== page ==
I recently posted about how to beat the ISPs (some people refer to them as cable companies but I don’t since in my eyes, providing internet service is the only relevant thing they do) at their own game. Recently, I got the opportunity to do it for myself – admittedly the easy version since there are two options in the mighty city of Houston. AT&T bargained but didn’t get down to the $30 Xfinity is offering 60mbps internet for. And yes, I know that Xfinity is just the name Comcast created to hid behind as a result of its customer service being legendarily awful. For cheap internet, I’m willing to take the risk. What’s the worst that can happen in the year until I switch back to AT&T? For the record, Comcast is already working on answering that question, having already managed to screw things up in a couple of ways with my installation still over two weeks away. So I may be eating those words sooner rather than later. But that’s not what this post is about.
I’ve noticed something interesting in the process of already going back and forth with my new ISP more than I would have hoped to in an entire year. The game has gone beyond simply begging people to sign up for cable. Now Comcast is literally offering to give it away – AND begging. Even on the company website, the same internet speed I’m getting is being offered with a cable package for an additional $5. But since I obviously overlooked that option, Comcast has taken it upon itself to make sure my careless mistake doesn’t cause me to miss out. I’ve gotten multiple emails and phone calls now in just the span of a few days, all following the same pattern. They start out trying to make it seem like they’re calling to address an issue with my new account, which makes sense as a tactic since that suspicion is the only reason I’ve answered the calls in the first place. Then they “check something out” and suddenly announce they have good news for me. I can add cable to my new package for only an additional $5 per month! I then respond with a polite “no thanks.”
The first rep simply let it go but not this second one. First she acted shocked that I don’t want to pay $5 for something I’ll never use. Surely I must just not understand the value proposition. But after her attempts to explain it to me failed, her tone did a sudden 180. Instead of a Comcast rep, I found myself more or less listening to a girl scout begging me to take her unwanted product. She even offered to give it to me for free. That’s right, folks. The market has spoken so loudly and clearly that cable has been reduced to a throw in. Of course, Comcast makes more money on advertising when its subscriber numbers are higher so it makes sense that this would happen, much like magazines that threaten you with “last issue if you don’t subscribe” and then just keep showing up anyway when they were never requested, nor paid for, at any point. That’s the inevitable conclusion when your “product” is nothing but a big, steaming pile of regurgitated garbage and propaganda, packed tightly between pages upon pages of advertising copy. And that’s exactly what cable is.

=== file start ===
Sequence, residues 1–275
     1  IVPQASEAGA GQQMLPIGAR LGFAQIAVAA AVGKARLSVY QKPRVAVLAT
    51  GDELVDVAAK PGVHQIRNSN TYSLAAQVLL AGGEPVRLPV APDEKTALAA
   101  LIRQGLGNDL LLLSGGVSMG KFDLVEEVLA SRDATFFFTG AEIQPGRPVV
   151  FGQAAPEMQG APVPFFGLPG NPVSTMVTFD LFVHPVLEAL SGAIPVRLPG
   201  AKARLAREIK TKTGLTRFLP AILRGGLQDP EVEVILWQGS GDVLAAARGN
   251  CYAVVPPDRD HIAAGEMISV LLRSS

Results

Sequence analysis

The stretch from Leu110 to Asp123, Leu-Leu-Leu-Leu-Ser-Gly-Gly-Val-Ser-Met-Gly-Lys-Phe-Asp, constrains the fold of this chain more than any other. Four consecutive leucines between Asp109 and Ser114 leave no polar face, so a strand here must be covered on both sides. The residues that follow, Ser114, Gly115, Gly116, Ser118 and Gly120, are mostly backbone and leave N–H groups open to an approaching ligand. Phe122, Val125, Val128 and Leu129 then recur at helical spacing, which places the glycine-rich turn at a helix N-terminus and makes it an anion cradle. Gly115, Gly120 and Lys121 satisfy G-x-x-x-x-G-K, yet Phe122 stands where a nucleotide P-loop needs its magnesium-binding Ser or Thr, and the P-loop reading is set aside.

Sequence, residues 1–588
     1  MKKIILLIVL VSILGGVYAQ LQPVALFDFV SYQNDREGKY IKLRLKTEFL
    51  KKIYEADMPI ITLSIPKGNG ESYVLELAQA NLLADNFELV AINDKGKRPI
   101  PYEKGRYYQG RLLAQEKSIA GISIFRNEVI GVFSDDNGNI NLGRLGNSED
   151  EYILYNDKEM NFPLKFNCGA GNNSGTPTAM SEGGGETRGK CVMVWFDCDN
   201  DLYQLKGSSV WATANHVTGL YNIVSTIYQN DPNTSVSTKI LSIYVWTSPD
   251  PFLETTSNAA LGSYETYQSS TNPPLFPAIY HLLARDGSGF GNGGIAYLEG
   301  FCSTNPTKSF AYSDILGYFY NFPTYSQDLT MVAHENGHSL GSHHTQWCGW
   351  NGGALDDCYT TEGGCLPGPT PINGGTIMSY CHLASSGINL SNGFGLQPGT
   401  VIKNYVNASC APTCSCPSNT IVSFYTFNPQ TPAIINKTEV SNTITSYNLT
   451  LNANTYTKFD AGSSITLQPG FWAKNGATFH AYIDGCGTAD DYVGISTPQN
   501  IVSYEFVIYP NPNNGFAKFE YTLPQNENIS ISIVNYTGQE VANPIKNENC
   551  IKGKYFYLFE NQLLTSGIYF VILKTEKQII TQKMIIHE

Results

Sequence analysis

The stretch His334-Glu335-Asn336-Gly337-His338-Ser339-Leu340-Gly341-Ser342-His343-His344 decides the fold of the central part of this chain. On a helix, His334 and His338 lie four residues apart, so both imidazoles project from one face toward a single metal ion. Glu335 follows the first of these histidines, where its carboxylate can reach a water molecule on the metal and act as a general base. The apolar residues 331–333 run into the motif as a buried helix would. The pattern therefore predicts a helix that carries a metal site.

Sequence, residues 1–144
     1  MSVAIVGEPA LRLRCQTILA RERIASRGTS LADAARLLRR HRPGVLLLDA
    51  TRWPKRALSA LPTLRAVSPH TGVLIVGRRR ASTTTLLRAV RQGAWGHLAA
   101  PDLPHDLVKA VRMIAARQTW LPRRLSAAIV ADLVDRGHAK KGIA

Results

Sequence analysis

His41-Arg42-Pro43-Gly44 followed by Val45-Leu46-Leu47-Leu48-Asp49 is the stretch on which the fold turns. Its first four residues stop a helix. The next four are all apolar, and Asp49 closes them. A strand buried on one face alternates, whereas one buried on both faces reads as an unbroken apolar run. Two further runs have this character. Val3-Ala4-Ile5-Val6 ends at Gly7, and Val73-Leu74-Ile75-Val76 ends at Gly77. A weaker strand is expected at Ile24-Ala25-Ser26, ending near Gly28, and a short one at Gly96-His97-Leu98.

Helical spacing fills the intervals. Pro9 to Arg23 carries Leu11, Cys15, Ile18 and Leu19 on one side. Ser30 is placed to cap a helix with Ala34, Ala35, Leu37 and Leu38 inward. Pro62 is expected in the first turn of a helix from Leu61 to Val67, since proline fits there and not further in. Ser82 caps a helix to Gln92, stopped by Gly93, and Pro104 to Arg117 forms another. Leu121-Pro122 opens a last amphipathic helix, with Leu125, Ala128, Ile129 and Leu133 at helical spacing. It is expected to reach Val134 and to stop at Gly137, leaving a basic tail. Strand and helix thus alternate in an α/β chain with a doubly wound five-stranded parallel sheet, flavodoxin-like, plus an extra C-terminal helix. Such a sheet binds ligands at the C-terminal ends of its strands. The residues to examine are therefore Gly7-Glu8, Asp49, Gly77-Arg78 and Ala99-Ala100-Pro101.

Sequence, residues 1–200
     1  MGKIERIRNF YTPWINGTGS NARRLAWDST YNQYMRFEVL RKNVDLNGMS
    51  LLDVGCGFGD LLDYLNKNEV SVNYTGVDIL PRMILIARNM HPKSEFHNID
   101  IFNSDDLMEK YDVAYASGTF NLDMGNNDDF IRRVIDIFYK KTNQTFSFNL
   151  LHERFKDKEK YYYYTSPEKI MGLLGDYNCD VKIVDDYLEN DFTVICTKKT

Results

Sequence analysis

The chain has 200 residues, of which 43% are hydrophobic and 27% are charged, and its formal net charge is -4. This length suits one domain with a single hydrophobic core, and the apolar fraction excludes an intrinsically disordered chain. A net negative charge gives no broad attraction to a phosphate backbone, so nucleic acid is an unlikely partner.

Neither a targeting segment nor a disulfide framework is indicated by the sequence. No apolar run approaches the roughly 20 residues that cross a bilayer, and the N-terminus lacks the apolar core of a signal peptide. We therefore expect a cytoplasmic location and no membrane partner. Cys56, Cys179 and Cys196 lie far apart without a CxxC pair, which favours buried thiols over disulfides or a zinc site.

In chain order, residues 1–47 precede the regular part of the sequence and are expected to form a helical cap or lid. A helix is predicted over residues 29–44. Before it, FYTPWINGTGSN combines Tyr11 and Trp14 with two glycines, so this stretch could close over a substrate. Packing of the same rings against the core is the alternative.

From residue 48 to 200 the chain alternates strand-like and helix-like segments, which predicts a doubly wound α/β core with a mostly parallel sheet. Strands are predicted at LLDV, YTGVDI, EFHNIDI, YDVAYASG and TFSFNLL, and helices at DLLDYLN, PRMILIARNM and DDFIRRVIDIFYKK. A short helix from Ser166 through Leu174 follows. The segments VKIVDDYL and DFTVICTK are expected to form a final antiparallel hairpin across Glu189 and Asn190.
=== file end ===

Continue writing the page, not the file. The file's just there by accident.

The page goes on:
I must admit, this has me smiling from ear to ear. The market has acted in a rational manner by opting out of paying for something that has no value and the price now reflects that. The market is nothing but the collective actions of all of us and thus, it follows that apparently we as a society aren’t quite as stupid as I had feared. Now I don’t harbor any illusions that this has happened because people aren’t spending hours a day with their eyes glued to tv screens. On the contrary, I recently read that the average person spends FIVE FUCKING HOURS A DAY doing so. I don’t know about you, but if I were on my deathbed reviewing the way I spent my time on this earth and I realized I had spent a third of my waking hours doing nothing but having my mind driven by other people – people who mostly just want use my emotions to manipulate me into buying crap I don’t need or voting for someone who doesn’t actually give a damn about me – I can’t imagine the agony I would feel.
Alas, people most certainly are not rejecting wasting a huge portion of their lives or allowing themselves to be manipulated by those least qualified to do so (assuming anyone were at all). But at least they are wasting their lives in the most efficient way possible. And if I can’t have people doing the right things to move themselves forward in life, I’ll settle for them doing the wrong things without paying for the privilege. Who knows? Maybe streaming won’t be profitable enough to support the creation of so much garbage in the long run and more people will turn off their tvs and, I don’t know, look at each other and attempt to speak. Or go outside. I know, I’m the crazy one. I’ll go back to being quiet now. But in the words of one Abraham J Simpson, “I’ve had my moment.”